National Watermelon Day recognizes the refreshing summertime treat enjoyed at picnics and fairs! Watermelon is 92% water, which is why it is so satisfying in the summer heat.
Watermelon is a vine-like flowering plant originally from southern Africa. Its fruit, which is also called watermelon, is a particular kind referred to by botanists as a pepo, a berry which has a thick rind (exocarp) and fleshy center (mesocarp and endocarp). Pepos are derived from an inferior ovary and are characteristic of the Cucurbitaceae. The watermelon fruit, loosely considered a type of melon -- although not in the genus Cucumis -- has a smooth exterior rind (usually green with dark green stripes or yellow spots) and a juicy, sweet interior flesh (usually deep red to pink, but sometimes orange, yellow, or white).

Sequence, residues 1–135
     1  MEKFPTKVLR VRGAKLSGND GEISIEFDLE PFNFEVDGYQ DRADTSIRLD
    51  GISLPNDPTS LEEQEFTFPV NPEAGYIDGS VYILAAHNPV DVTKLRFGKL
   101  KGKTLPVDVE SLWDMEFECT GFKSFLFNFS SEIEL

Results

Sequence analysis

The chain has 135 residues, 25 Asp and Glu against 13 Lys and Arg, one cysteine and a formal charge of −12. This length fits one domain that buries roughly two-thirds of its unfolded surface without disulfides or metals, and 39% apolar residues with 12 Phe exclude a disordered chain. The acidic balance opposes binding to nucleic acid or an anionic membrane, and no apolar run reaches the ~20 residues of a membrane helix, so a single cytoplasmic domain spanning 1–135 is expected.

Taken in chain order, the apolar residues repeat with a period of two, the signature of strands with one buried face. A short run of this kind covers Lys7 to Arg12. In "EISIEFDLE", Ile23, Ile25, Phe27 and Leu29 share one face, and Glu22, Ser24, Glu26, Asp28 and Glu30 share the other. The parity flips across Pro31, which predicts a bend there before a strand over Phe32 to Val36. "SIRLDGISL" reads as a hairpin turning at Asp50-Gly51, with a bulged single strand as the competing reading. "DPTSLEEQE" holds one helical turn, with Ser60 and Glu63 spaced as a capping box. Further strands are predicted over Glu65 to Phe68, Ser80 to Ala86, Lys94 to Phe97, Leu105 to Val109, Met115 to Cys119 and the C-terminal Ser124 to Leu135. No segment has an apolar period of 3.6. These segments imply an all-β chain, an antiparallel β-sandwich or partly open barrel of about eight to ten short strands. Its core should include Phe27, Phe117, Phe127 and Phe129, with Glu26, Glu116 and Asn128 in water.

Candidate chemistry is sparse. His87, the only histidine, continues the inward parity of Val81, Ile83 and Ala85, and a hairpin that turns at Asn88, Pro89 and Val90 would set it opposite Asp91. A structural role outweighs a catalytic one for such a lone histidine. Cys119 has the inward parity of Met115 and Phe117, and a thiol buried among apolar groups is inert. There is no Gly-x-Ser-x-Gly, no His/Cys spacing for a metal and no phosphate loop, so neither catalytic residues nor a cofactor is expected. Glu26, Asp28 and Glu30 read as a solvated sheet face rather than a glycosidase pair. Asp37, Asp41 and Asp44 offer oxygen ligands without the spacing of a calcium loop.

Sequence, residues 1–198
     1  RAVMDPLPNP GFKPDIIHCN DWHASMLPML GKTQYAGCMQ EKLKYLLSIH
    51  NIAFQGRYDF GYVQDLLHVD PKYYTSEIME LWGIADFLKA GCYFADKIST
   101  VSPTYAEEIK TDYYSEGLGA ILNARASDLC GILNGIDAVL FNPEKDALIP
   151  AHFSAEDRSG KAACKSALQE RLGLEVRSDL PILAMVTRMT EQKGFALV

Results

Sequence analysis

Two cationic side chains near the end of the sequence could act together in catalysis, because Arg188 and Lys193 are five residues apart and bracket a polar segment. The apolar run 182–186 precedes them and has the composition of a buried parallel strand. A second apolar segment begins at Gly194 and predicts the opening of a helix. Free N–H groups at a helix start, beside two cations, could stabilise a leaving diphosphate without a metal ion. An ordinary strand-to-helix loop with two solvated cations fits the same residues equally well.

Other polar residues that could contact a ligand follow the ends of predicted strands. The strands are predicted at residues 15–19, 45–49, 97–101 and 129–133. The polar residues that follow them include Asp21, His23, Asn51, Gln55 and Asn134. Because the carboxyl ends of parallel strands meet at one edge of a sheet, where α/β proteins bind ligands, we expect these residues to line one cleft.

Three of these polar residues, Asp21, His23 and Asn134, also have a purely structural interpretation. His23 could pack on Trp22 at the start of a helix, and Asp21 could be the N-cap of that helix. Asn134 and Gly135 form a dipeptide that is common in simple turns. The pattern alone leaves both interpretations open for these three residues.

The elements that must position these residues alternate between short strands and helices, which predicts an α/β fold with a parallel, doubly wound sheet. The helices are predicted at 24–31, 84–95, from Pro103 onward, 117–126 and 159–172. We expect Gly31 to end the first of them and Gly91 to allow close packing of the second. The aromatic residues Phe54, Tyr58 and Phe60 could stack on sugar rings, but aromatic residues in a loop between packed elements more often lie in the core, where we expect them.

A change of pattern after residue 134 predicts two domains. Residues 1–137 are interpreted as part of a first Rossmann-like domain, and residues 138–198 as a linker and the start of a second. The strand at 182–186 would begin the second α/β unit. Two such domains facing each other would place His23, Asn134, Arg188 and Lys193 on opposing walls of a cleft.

The fruit was likely first cultivated for its ability to hold plentiful water in a desert landscape, especially since the wild melon was bitter or tasteless. Seeds and art found in tombs of Pharaohs furnish substantial evidence of the watermelon's value. Cultivation and breeding brought out the better qualities of sweet and tender fruit we enjoy today.
Watermelons can grow enormous, and you will find competitions across the country which award prizes each year for the largest one. The Guinness Book of World Records states that the heaviest watermelon weighed 262 pounds.